BLOOD RED SKY (2021)

Terrorists hijack a plane and unwittingly set off a vampire hiding onboard.

If nothing about that premise makes you immediately say “fuck yeah” then I don’t know what more I can tell you to sell it. It’s ridiculous and it’s fun and it takes itself just seriously enough to stay firmly a horror movie with an emotional core rather than to devolve to a trashy comedy like it easily could have.

Makeup work is great, cast is solid, execution is exactly what it needs to be.

An A-grade B-movie.

Recommended.

THE GREEN KNIGHT (2021)

A cinematic Arthurian heroic poem, complete with knights, woodland creatures, saints, spirits and mythic quests.

Run all of that through the sort of slow-burn style and striking visuals that A24 is known for and you’ve got The Green Knight.

Incredibly well crafted, the sort of tone that the fantasy genre is sorely missing more of.

Dev Patel brings exactly the right blend of gravitas and arrogance, the scenery and production design are gorgeous, the tale weaves and meanders perfectly as fables should.

The sense of world and myth is huge and dense — it chooses contemplation and symbolism over action and succeeds massively in presenting something thoughtful and strange. More akin to Pan’s Labyrinth than The Lord of the Rings.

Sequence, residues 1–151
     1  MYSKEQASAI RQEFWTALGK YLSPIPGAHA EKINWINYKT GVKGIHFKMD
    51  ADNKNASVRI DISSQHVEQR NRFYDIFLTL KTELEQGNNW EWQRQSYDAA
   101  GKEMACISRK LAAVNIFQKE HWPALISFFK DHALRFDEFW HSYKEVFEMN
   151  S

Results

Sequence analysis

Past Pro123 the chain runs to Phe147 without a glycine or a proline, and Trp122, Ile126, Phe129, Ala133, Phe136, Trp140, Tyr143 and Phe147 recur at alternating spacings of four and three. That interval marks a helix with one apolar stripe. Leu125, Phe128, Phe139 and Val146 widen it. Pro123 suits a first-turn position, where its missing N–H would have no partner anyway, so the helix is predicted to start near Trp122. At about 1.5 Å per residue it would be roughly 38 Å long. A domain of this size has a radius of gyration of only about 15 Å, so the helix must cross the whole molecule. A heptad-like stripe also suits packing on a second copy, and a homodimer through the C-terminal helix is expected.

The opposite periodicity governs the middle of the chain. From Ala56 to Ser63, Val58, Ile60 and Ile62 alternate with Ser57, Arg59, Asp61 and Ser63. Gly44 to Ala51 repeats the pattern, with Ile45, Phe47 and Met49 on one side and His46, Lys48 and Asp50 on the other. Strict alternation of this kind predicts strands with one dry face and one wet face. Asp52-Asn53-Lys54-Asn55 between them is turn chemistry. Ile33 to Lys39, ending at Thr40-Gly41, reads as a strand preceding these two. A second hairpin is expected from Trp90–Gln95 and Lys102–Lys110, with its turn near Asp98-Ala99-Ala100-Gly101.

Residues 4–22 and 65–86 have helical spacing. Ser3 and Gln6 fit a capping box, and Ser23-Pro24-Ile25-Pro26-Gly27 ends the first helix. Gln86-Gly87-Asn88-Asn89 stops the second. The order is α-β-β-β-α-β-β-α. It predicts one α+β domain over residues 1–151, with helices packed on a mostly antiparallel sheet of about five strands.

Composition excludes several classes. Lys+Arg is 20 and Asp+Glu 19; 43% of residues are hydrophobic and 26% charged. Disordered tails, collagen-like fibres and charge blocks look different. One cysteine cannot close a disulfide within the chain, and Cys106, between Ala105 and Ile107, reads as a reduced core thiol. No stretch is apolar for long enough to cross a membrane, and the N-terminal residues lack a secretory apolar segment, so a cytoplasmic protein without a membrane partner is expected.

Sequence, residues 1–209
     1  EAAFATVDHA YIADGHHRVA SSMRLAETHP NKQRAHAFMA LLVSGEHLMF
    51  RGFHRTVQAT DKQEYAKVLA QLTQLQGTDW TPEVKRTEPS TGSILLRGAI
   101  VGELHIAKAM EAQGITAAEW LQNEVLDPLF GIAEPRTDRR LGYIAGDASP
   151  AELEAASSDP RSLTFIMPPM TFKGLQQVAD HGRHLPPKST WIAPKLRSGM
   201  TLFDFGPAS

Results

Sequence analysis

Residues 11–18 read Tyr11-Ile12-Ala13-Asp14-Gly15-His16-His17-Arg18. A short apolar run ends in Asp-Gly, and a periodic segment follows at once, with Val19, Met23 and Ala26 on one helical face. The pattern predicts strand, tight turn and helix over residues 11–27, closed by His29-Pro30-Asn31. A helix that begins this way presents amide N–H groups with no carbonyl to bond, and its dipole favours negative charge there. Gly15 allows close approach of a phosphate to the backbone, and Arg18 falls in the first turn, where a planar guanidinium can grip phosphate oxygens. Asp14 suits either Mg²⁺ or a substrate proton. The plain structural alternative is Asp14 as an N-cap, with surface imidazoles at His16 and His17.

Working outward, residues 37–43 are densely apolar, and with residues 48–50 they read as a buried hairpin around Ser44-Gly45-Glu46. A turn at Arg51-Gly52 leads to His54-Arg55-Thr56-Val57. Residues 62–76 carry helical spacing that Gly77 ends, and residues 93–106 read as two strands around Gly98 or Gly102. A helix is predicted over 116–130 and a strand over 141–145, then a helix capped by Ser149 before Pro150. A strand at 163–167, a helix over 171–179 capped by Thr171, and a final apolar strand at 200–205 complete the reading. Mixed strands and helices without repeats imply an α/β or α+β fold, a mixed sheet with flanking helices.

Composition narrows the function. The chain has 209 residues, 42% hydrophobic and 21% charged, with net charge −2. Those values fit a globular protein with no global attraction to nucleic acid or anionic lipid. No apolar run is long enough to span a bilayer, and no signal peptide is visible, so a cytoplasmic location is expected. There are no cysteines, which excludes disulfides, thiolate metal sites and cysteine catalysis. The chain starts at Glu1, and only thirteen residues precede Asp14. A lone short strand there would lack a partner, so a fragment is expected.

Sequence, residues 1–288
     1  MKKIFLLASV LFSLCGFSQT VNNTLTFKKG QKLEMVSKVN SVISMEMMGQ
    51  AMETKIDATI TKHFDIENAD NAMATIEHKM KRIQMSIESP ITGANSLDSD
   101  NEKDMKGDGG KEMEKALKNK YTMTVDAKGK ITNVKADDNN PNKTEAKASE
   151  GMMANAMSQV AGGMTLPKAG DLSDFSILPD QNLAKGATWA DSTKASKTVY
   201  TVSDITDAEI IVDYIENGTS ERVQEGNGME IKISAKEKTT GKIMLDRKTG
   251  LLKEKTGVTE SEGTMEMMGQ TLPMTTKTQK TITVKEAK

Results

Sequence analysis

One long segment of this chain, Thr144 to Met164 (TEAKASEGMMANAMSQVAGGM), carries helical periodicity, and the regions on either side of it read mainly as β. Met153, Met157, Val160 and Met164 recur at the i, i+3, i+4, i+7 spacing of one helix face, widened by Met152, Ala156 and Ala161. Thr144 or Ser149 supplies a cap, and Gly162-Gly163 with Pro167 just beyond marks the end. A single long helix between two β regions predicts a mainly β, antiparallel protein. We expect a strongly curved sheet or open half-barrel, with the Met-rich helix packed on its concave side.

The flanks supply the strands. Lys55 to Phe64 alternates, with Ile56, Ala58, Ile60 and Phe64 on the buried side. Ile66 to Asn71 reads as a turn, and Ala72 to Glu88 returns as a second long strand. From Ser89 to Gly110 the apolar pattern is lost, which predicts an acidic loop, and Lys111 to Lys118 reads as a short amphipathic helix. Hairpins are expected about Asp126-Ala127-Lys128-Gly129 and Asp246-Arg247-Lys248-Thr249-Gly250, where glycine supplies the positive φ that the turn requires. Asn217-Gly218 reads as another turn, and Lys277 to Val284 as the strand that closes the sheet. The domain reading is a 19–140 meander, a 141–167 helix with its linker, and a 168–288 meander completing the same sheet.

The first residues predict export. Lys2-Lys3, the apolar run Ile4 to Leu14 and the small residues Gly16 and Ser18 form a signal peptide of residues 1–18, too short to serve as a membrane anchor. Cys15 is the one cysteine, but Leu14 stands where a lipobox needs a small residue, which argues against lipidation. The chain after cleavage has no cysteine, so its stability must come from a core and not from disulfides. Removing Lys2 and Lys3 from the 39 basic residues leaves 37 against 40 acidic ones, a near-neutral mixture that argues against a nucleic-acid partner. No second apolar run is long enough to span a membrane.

It’s slow and mostly ambiguous, but if that’s your thing then this comes highly recommended.

THE STAND (2020)

Ironic that this released just as the world was dealing with a very real pandemic, so understandable that it was largely ignored or passed over given the circumstances.

Stephen King stories are best treated as limited series such as this, as it gives the characters plenty of room to exist and be human within the story.

As post-apocalyptic tales go, this is more mythical forces of good and evil acting through human conduits than say, your standard meditation on the nature of humanity in a world gone to hell.

Plus, the production quality really sells the end of the world and the casting is all excellent.

A solid and faithful adaptation of King’s epic, tweaked and modernised just enough to play to modern sensibilities.

Recommended.

LOKI (2021)

The best of the Disney+ Marvel shows so far.

Production design is outstanding, the cast is charismatic and strange. It’s a tight six episodes too, which is a real sweet spot for these series. Feels like the best parts of a Dr Who adventure mashed together with a big budget behind it.

There’s SO MUCH fan service drawing from the deepest, more ridiculous and obscure depths of Marvel Comics’ silliness.

Ultimately the story ends up servicing the next big phase of MCU projects, but it does so with style and the characters are fun. I mean, they weren’t exactly going to let Tom Hiddleston off the hook easily, were they?

Alligator Loki is MVP.

Recommended.

BLACK WIDOW (2021)

A great standalone spy film that’s biggest flaw is that it maybe came a few years later than it deserved.

It’s refreshing to have Natasha reframed and to have her backstory finally filled in, and the supporting cast here is one of the best things about it. It’s a made family of strong and capable women, plus a strongman clown, and the dynamic is great.